JACK WYATT HAD ESCAPED twenty-three enemy ambushes,
survived sixty-seven leaps from doomed fighter jets and
dodged one hundred and seventy-three bullets with his name
on them, but not even Hollywood's favorite action hero
could find a taxi on Saturday night in midtown Manhattan.
"Sorry, Mr. W.," the doorman said as he scanned Park
Avenue north and south. "No cabs anywhere. You want me to
get you a dial-up?"
"How long would that take?"
"Ten, fifteen minutes," Horace said. "You'd be cutting it
close but we'll get you there on time."
Jack was scheduled to appear at the Reel New York Film
Festival awards ceremony, where he would be handing out
the trophy for Lifetime Achievement in Directing.
Root canal without anesthesia would be more fun. "It's
only five blocks, Horace. I might as well walk it."
"Not that it's any of my business," Horace said, "but I
wouldn't if I were you. Midtown's swarming with fans and
you're one of the guys they're all waiting to see."
According to Horace's grapevine, The Hotel, the trendy new
establishment where the awards ceremony was taking place,
didn't have its crowd-control chops yet and wouldn't know
how to handle a celebrity who arrived on foot and without
the requisite handlers and bodyguards.
Jack thanked Horace for his concern, then set off south on
Park Avenue just the same. This was what he was looking
for, wasn't it? No handlers. No bodyguards. A return to
real life...or what passed for real life after twelve
years in the public eye.
Tonight, after the show was over, he was going to get
behind the wheel of his car and point it east toward
Montauk, and he wasn't going to stop until he was up to
his front tires in the Atlantic Ocean. What had started
out as a plan to help an old friend had turned into
something different. Jack needed this break more than he
had realized. Years of living in a world of weekend
grosses and six-pack abs had taken its toll on him and
skewed his perception of what was normal and what wasn't.
Wearing a tux in broad daylight?
Definitely not normal. Traffic on ParkAvenue was at a
standstill. The weather was unnaturally warm for
earlyApril, and frazzled drivers leaned out their open
windows to see what was holding things up. It was tough
enough to fly beneath the radar when you were six feet
five and sporting a tux, but try keeping a low profile
when your films were a regular feature at the local
multiplex, where your face was projected higher than a two-
story house. To his dismay the buzz of recognition was
starting to build.
He deftly sidestepped a regal King Charles spaniel whose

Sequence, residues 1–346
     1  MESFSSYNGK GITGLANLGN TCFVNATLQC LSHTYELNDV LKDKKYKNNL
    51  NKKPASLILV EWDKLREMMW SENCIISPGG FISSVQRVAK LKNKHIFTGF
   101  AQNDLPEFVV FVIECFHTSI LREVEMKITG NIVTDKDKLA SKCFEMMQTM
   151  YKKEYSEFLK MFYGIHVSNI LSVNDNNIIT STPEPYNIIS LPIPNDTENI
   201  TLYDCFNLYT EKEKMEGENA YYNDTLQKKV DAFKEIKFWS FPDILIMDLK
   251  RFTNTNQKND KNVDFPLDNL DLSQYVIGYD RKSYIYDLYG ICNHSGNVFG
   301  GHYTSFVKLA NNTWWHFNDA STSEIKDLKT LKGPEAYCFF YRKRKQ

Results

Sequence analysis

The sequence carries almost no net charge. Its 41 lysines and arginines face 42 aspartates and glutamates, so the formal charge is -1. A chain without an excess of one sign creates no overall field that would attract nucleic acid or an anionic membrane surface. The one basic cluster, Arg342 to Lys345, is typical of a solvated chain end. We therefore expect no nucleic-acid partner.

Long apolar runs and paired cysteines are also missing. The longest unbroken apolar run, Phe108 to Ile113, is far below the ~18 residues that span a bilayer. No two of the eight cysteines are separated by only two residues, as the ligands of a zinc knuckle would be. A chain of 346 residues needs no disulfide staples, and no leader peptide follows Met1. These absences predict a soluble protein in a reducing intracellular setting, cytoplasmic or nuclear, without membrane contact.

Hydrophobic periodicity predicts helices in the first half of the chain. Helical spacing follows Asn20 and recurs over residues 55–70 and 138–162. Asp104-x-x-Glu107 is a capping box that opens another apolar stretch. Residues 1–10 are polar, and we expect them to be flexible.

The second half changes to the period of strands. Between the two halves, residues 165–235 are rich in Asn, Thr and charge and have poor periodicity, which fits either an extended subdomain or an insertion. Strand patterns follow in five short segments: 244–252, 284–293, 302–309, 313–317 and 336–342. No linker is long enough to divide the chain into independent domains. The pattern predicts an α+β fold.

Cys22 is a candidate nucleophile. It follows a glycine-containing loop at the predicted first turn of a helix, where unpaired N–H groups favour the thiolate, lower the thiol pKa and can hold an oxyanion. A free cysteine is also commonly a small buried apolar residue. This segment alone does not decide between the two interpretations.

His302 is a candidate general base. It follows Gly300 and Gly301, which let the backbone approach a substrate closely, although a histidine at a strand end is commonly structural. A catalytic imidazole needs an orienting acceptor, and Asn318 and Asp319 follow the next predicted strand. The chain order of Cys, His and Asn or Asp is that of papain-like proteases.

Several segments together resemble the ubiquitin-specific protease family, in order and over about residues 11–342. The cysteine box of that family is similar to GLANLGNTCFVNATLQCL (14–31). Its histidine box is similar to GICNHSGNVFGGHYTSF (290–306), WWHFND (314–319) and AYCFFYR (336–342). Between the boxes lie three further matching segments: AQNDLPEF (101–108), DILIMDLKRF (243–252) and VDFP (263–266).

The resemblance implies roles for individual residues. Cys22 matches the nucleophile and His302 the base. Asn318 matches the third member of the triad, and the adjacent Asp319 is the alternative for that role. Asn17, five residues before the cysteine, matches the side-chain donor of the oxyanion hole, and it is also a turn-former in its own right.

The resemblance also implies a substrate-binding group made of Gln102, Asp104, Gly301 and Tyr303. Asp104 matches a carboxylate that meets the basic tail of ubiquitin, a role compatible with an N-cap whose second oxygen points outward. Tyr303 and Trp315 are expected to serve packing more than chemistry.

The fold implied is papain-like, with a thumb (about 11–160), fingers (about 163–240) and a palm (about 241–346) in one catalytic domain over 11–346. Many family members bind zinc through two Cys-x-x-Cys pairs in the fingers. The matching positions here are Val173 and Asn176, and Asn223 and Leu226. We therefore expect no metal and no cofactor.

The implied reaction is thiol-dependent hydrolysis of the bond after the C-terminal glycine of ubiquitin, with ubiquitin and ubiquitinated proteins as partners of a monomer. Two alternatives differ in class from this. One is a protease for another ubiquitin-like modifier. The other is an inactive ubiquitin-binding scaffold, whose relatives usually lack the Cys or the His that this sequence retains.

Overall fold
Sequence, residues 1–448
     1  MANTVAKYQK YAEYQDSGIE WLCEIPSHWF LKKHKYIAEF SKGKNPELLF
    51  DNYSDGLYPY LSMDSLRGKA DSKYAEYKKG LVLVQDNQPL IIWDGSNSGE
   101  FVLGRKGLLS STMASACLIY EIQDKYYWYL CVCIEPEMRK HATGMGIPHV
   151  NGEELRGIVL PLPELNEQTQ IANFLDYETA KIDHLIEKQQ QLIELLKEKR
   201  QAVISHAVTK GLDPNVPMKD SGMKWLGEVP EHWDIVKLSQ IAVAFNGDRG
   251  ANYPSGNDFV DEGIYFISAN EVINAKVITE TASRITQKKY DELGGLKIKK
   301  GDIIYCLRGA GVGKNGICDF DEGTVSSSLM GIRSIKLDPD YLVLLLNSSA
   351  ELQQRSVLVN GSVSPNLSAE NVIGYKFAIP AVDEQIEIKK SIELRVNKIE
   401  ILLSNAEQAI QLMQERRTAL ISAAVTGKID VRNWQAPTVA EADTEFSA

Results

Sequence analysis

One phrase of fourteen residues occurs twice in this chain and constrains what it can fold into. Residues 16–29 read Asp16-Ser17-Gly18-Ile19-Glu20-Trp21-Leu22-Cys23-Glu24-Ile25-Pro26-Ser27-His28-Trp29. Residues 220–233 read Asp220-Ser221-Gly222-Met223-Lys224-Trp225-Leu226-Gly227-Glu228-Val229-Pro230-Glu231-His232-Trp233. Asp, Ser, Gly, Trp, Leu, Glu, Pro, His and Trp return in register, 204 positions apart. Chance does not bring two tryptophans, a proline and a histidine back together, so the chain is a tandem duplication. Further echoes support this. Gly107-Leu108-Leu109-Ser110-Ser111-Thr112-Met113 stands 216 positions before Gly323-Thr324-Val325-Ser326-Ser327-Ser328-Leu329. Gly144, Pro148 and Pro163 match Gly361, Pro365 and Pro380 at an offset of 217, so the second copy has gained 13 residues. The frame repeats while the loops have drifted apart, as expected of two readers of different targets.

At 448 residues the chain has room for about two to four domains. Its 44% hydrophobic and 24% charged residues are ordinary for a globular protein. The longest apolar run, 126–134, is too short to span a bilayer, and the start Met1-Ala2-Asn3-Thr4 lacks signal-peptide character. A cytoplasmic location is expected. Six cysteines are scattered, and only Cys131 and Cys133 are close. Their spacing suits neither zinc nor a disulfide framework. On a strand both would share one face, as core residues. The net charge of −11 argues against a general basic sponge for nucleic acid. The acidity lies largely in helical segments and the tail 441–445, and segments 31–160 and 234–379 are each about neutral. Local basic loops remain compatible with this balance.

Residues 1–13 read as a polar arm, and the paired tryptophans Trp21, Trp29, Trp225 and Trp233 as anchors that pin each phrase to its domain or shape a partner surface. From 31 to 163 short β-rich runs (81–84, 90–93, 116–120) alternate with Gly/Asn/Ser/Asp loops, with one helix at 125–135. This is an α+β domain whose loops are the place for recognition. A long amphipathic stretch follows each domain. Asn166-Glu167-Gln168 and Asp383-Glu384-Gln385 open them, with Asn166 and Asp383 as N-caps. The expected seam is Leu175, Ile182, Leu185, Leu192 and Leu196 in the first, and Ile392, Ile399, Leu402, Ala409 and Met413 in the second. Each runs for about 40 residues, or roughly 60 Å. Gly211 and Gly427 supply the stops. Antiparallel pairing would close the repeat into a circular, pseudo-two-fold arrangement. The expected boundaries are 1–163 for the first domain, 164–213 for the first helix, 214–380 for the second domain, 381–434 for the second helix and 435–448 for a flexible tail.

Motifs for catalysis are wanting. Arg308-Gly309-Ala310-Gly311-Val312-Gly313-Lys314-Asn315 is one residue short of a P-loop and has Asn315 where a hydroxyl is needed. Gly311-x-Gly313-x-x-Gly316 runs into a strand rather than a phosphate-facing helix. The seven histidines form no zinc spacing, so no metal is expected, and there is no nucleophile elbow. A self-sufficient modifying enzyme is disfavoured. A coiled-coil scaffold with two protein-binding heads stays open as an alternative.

spaced-out owner daydreamed at the other end of the leash.
It hadn't rained in New York for two weeks. The day had
been sunny and dry. So could somebody explain to him why
both the dog and its owner were wearing Burberry raincoats?
Money did weird things to people. The green stuff seemed
to climb into the cerebral cortex and yank the wires that
were linked to traits like common sense, perspective and a
sense of humor. He saw it in Hollywood. He saw it here in
Manhattan. Hell, he saw it in the mirror every morning and
it was starting to scare him.
It started small, with Burberry raincoats for King Charles
spaniels, and then before you knew it you actually
believed you needed four houses, eight cars and a private
jet. For the last year he had been teetering on the brink
of craziness and he knew it. There was still time to make
changes in his life before he found himself turned into a
parody of a human being. When the opportunity to help his
manager, Clive, and help himself at the same time arose,
Jack had jumped on it.
"I understand your need for some downtime, but you cannot
back out on the awards show," Clive had barked into the
phone. "It's far too late to bring in a replacement."
"Call Tom or Harrison. I told you, Clive, my year off
begins today." Jack had been careful not to let his
manager suspect that his own welfare was in any way a part
of the decision.
"Your year off begins at midnight as agreed. You dodged
the rehearsal yesterday and I managed to explain that
away. You bloody well better show up tonight for the show.
You're presenting a lifetime achievement award and I'm too
old to explain your absence to Clint."
"You're a year younger than Clint," Jack had said with a
laugh. "The only award I'll be handing out tonight is for
best bowl of Manhattan clam east of Riverhead."
Clive Bannister knew which buttons to push, which was
something that happened when your former father-in-law was
also your friend and manager. Clive was family, and family
had always been Jack'sAchilles'heel.
"You need a new manager," a studio executive had told him
over dinner a few months ago. "This is a young person's
It wasn't the first time someone in a position of power
had told him Clive should retire, and each time, Jack had
a vulgar two-word answer ready and waiting. They were a
team, he and Clive. Clive and his late wife, Rosie, had
seen something in a rough, unpolished dishwasher-busboy at
the Union Square Café, and had handed him a life. They
became his family. They helped him build a future. They
didn't turn away when his marriage to their daughter,
Linda, fell apart. They were family, all of them, and they
always would be.
But lately he had begun to wonder if maybe Clive deserved
more than the daily grind of keeping Jack's star burning
bright. Clive had always seemed ageless, a force of nature
who operated above the frailties of mere mortals, but over
the last few months there had been enough forgotten
messages, tangled communications and downright screwups
that even Jack had to admit his friend might be feeling
the effects of his seventy-five years on the planet.
"Why don't I just tell him he needs to slow down?" he had
said to Linda during one of their planning sessions.
"Because you know him as well as I do," his ex-wife had
said. "The only way Dad will ever slow down is if we make
sure he has no choice."
Which was how Jack finally decided to take a year off. The
idea had been floating around in his subconscious for a
long time. The thought of climbing behind the wheel of his
Jeep and taking off for parts unknown sounded pretty damn
good to him. A year without contracts or commitments. A
year where he could grow a beard, shave his head, forget